• Trip­per in­gests a psychedelic (by them­selves, or with a sober fa­cil­i­ta­tor pre­sent)

  • Trip­per has a psychedelic ex­pe­rience. This ex­pe­rience can in­clude a wide range of sub­jec­tive el­e­ments:

    • Old mem­o­ries can come up and/​or be­come salient

    • New per­spec­tives on re­la­tion­ships with friends, fam­ily, one’s im­me­di­ate en­vi­ron­ment can be adopted

    • Emo­tions can be felt very in­tensely, es­pe­cially emo­tions about salient peo­ple & top­ics in the one’s life

    • In­sights can be had about the trip­per’s psy­chol­ogy, so­cial as­sump­tions, epistemic as­sump­tions, and meta­phys­i­cal assumptions

    • New per­sonal nar­ra­tives (“this is the story of my life; this is what my life’s about”) can be adopted

  • Once sober, trip­per in­te­grates the ex­pe­rience (by them­selves, or in di­alogue a fa­cil­i­ta­tor)

    • How did the ac­tual trip match up to your ex­pec­ta­tions about the trip?

    • What came up? What was in­ter­est­ing? What was triv­ial, or silly?

    • Did any­thing come up that’s worth in­cor­po­rat­ing into your ev­ery­day life?

(See the Psychedelic Ex­plorer’s Guide for more on how to struc­ture an effec­tive, safe trip.)

I think this struc­ture can be re­ally helpful for sur­fac­ing emo­tional blocks (e.g. things that gen­er­ate akra­sia, i.e. act­ing against one’s bet­ter judg­ment), as well as for re­solv­ing known emo­tional blocks.

The psychedelic ex­pe­rience can also help change one’s as­sump­tions, in­ter­nal monologue, and per­sonal nar­ra­tive. (See the above Michael Pol­lan quote for an ex­am­ple of this. Also note that the psychedelic ex­pe­rience doesn’t do this au­to­mat­i­cally, it can just help “loosen you up.” The trip­per still has to in­ten­tion­ally work to­wards chang­ing these things.)

So, to the ex­tent that the EA com­mu­nity is limited by in­for­ma­tion & tech­nique trans­fer, I’d ex­pect con­cep­tual ra­tio­nal­ity train­ing to be more lev­er­aged.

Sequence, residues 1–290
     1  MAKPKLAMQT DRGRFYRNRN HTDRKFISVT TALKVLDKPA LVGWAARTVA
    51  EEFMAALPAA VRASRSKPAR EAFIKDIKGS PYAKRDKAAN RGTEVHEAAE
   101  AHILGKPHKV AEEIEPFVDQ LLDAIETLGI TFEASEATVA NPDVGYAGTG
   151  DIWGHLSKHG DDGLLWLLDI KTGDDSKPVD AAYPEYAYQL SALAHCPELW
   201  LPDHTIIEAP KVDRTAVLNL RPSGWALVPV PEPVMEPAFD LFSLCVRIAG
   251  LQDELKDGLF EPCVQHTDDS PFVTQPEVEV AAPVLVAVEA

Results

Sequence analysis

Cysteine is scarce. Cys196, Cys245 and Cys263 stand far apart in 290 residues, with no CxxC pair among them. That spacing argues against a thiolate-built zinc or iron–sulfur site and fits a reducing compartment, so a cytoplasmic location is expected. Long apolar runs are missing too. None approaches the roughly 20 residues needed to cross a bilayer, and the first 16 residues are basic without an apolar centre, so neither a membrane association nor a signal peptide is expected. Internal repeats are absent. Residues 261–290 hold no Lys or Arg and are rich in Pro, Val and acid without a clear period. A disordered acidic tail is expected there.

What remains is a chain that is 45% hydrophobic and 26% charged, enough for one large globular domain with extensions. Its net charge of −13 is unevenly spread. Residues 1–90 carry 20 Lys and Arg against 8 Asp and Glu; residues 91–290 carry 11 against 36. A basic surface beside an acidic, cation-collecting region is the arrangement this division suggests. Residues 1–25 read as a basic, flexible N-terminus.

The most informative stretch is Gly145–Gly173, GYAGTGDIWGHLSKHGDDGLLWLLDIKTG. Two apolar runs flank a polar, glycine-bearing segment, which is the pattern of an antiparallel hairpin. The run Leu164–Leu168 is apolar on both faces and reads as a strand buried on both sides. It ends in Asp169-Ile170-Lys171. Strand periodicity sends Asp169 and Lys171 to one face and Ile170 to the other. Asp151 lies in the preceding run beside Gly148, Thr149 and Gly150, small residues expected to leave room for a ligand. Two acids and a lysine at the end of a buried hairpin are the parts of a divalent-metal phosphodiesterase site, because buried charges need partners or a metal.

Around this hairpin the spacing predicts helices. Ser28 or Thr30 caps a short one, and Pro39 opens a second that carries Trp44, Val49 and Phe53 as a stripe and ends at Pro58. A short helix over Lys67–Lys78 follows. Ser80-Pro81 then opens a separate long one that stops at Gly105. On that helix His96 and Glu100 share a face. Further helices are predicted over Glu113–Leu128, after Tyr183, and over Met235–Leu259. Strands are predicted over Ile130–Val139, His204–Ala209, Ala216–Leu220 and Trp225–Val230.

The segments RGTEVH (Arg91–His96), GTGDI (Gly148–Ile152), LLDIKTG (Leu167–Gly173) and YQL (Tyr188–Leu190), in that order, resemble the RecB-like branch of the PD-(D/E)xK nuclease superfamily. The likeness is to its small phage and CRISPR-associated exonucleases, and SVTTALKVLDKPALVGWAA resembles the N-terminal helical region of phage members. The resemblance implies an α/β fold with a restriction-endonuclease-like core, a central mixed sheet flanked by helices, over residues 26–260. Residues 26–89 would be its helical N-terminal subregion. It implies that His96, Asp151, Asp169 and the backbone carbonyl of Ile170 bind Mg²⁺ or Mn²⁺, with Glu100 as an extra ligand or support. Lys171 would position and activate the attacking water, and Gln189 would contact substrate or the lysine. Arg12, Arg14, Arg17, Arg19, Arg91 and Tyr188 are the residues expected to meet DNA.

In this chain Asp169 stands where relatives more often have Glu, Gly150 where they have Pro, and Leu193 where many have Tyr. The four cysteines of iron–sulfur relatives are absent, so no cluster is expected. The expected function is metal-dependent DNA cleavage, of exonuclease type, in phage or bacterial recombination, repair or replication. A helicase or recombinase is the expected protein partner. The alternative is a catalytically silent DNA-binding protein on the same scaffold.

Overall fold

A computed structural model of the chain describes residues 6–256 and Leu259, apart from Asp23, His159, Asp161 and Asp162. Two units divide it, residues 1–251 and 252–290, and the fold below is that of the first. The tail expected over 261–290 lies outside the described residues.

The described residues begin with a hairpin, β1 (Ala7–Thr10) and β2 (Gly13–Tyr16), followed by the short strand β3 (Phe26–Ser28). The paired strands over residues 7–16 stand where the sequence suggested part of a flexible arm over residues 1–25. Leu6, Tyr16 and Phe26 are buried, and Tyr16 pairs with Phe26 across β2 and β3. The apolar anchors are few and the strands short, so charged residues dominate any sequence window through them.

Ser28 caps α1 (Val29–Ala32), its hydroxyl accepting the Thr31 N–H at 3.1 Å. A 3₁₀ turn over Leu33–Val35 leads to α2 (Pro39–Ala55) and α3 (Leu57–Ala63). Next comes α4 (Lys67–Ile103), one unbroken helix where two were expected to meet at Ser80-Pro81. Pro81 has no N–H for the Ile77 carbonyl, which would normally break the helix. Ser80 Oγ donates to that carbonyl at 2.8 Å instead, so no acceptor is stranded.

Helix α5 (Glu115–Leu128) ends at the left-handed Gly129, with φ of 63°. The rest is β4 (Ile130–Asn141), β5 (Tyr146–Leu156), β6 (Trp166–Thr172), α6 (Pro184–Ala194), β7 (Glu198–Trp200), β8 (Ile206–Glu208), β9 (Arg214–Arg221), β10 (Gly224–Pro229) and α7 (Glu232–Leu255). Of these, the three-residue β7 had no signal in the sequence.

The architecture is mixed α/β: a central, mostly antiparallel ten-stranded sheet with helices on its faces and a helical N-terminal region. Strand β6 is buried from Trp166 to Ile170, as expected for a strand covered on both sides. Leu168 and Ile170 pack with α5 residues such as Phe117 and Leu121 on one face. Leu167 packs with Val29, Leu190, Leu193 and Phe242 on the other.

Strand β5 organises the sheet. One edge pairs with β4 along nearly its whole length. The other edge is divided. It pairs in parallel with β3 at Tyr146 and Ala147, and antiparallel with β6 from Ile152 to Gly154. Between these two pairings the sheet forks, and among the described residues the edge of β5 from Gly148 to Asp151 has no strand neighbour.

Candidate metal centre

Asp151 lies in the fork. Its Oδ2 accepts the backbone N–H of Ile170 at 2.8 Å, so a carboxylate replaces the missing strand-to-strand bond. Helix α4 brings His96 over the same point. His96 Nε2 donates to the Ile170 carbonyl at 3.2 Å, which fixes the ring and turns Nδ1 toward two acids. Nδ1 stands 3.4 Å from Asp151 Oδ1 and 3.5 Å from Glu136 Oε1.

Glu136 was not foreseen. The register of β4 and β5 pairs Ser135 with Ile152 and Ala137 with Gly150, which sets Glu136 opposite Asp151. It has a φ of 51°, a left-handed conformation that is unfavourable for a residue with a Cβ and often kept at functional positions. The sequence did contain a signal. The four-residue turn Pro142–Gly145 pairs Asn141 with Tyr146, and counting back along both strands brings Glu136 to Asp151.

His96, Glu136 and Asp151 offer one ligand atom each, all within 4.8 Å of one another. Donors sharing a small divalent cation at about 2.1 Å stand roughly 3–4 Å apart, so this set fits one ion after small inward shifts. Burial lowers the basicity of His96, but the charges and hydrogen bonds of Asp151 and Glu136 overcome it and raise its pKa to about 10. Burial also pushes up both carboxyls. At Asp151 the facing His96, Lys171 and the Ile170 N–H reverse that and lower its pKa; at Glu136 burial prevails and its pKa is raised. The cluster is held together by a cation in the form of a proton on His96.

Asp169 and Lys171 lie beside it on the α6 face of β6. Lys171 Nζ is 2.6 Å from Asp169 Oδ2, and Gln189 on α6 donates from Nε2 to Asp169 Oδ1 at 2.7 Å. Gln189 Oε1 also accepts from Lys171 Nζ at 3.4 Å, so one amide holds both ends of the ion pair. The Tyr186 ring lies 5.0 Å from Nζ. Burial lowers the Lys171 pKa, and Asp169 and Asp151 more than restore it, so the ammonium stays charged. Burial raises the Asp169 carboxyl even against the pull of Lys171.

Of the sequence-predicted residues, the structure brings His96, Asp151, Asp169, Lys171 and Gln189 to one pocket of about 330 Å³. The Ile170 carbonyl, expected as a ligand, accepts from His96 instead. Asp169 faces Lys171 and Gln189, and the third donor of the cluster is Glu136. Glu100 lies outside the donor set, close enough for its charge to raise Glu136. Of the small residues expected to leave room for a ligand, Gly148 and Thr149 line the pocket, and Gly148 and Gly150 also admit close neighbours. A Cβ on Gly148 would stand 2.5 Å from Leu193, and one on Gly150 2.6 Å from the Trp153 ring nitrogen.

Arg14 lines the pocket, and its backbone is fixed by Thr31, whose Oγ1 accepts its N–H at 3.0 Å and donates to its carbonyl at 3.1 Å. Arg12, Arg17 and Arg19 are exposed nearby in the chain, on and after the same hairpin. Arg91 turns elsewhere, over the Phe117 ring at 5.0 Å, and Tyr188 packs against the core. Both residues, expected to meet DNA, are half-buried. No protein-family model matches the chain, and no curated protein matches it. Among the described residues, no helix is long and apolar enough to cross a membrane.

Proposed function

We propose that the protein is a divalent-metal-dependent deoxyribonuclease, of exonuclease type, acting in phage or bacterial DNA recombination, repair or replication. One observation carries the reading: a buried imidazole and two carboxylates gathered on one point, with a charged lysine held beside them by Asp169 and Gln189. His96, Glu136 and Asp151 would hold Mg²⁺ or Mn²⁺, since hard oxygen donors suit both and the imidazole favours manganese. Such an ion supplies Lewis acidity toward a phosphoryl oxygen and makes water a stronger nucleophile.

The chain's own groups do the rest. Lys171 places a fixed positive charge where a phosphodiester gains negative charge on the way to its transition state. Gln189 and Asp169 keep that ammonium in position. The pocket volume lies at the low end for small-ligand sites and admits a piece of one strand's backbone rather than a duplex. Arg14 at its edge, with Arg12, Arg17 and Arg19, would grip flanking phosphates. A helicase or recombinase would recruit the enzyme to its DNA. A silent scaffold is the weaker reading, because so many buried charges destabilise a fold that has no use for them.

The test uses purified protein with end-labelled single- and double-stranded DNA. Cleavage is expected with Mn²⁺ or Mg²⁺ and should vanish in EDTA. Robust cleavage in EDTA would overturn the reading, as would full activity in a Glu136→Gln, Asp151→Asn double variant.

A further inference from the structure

To the ex­tent that the EA com­mu­nity is limited by emo­tional blocks & un­helpful per­sonal nar­ra­tives, I’d ex­pect the psychedelic ex­pe­rience to be more lev­er­aged.

My cur­rent view is that the EA com­mu­nity is more limited by emo­tional blocks & un­helpful per­sonal nar­ra­tives. The 2019 Slate Star Codex reader sur­vey offers some data here: 17.4% of sur­vey re­spon­dents have a for­mal di­ag­no­sis of de­pres­sion (an­other 16.7% sus­pect they are de­pressed but haven’t been di­ag­nosed); 12.6% of re­spon­dents have a for­mal di­ag­no­sis of anx­iety (an­other 18.7% sus­pect they have anx­iety but haven’t been di­ag­nosed).

3(c). In­ter­lude – on quan­ti­ta­tive comparison

The above is merely a the­o­ret­i­cal com­par­i­son – a quan­ti­ta­tive com­par­a­tive anal­y­sis would be helpful for think­ing through the po­ten­tial of psychedelics rel­a­tive to other causes. Here’s one at­tempt at quan­tify­ing the benefits of a psychedelic in­ter­ven­tion us­ing DALYs, con­clud­ing that the in­ter­ven­tion has a cost-per-DALY-averted of $472.

Note that DALY & QALY frame­works prob­a­bly un­der­weight men­tal health in­ter­ven­tions due to the ret­ro­spec­tive sur­vey method­ol­ogy used to con­struct their weight­ings.

Also note that there aren’t many quan­ti­ta­tive analy­ses that com­pare across EA cause ar­eas. (e.g. com­par­ing an­i­mal welfare in­ter­ven­tions to global poverty in­ter­ven­tions, or com­par­ing x-risk in­ter­ven­tions to an­i­mal welfare in­ter­ven­tions.) Michael Dick­ens’ cause pri­ori­ti­za­tion app at­tempts this, though as far as I know it hasn’t been used to drive much de­ci­sion-mak­ing.

3(d). Trauma alleviation

Child­hood trauma is plau­si­bly up­stream of sev­eral bur­den­some prob­lems. See this ex­cerpt from The Body Keeps Score, a pop-sci re­view of aca­demic trauma re­search (on p. 150):

The first time I heard Robert Anda pre­sent the re­sults of the ACE study, he could not hold back his tears. In his ca­reer at the CDC he had pre­vi­ously worked in sev­eral ma­jor risk ar­eas, in­clud­ing to­bacco re­search and car­dio­vas­cu­lar health.
But when the ACE study data started to ap­pear on his com­puter screen, he re­al­ized that they had stum­bled upon the gravest and most costly pub­lic health is­sue in the United States: child abuse.
[Anda] had calcu­lated that its over­all costs ex­ceeded those of can­cer or heart dis­ease and that erad­i­cat­ing child abuse in Amer­ica would re­duce the over­all rate of de­pres­sion by more than half, al­co­holism by two-thirds, and suicide, IV drug use, and do­mes­tic vi­o­lence by three-quar­ters. It would also have a dra­matic effect on work­place perfor­mance and vastly de­crease the need for in­car­cer­a­tion.

Psychedelic ther­apy seems very promis­ing for re­solv­ing PTSD, which could plau­si­bly break the cy­cle of abuse that cre­ates new trau­matic ex­pe­riences. (Trauma ap­pears to trans­fer from gen­er­a­tion to gen­er­a­tion via mul­ti­ple path­ways.)

In par­tic­u­lar, MDMA-as­sisted psy­chother­apy for PTSD is yield­ing ex­tremely promis­ing re­sults in re­cent ran­dom­ized con­trol­led tri­als (see Mithoefer et al. 2012, Mithoefer et al. 2018, Ot’alora et al. 2018). From the ab­stract of Mithoefer et al. 2018: